9. Freelance Medical Writing: Make a 6-Figure Income and Work From Home Using Your Scientific/Medical Background

This book is a comprehensive guide that provides an overview of the medical writing industry and detailed instructions on breaking into this field. The book is aimed at those with a scientific or medical background who want to work from home.

According to the author, medical writing is a rapidly growing field that is relatively easy to get into. The book covers topics such as the different types of medical writing, the skills needed to be successful, and the steps involved in starting your own freelance medical writing business. 

In addition, Freelance Medical Writing includes interviews with successful medical writers who share their insights on the industry and offer advice on how to be successful. 

So if you’re looking for a way to use your scientific or medical knowledge to make extra money or establish a full-time business, this book is worth checking out.

10. Medical Writing: A Guide for Clinicians, Educators, and Researchers

Medical writing is a specialized form of writing that is used to communicate medical information. It can communicate scientific research findings, educational information, or clinical information. 

Medical writers must have a strong understanding of the medical field to communicate complex medical information effectively. In addition, they must be able to write clearly and concisely.

The book Medical Writing: A Guide for Clinicians, Educators, and Researchers by Robert B. Taylor is an excellent resource for anyone interested in learning more about medical writing. It provides a detailed overview of the different types of medical writing, like case reports, reference books, grant proposals, research reports, and protocols.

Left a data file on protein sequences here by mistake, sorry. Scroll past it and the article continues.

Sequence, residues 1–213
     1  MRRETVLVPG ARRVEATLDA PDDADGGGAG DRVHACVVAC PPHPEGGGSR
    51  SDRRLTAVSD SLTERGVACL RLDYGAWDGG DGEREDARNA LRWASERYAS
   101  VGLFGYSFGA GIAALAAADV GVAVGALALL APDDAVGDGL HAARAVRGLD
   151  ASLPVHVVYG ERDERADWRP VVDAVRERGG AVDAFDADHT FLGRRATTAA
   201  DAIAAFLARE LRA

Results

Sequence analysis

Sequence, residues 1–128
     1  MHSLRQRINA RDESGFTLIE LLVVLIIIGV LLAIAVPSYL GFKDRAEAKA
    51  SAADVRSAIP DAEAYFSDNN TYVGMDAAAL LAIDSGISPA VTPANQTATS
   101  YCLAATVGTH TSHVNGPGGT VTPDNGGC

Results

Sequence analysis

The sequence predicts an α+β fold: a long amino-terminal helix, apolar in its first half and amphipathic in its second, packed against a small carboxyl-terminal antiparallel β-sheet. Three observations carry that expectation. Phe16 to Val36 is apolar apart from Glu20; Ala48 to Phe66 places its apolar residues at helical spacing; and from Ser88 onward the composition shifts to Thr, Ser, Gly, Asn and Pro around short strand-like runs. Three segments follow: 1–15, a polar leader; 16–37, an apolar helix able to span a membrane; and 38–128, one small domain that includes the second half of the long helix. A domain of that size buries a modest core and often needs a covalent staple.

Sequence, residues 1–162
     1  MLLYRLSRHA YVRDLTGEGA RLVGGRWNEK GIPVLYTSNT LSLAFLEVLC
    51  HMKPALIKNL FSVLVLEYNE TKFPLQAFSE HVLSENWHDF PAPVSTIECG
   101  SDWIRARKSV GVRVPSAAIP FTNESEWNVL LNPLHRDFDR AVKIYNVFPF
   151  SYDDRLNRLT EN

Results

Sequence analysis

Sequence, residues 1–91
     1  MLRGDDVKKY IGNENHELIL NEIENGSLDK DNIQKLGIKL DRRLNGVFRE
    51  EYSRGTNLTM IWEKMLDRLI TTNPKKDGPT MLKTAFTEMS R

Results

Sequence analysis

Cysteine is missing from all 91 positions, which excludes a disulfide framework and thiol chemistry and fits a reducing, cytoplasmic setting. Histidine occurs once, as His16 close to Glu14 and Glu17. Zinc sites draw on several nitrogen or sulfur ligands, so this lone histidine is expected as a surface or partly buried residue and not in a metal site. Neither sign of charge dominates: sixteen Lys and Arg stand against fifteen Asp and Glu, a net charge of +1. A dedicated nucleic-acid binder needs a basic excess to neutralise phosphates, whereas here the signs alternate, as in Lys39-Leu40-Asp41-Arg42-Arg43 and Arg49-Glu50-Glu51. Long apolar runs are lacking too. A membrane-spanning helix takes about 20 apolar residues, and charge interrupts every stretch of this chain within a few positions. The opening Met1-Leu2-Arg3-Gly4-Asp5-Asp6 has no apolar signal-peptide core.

The book offers guidance on writing effectively for your audience and covers more advanced topics, such as publication ethics and peer review. 

Whether you’re a clinician, educator, or researcher, this book will help you improve your communication skills and better understand the process of medical writing.

Final Takeaway

Freelance medical writing is a great way to make a six-figure income while working from home. You can write articles, brochures, and even books using your scientific and medical background. 

The best part is that you can set your hours and work as much or as little as you want. If you have the passion and skills for writing, then freelance medical writing is the perfect career for you. With a little hard work and determination, you can succeed and make a great living doing something you love.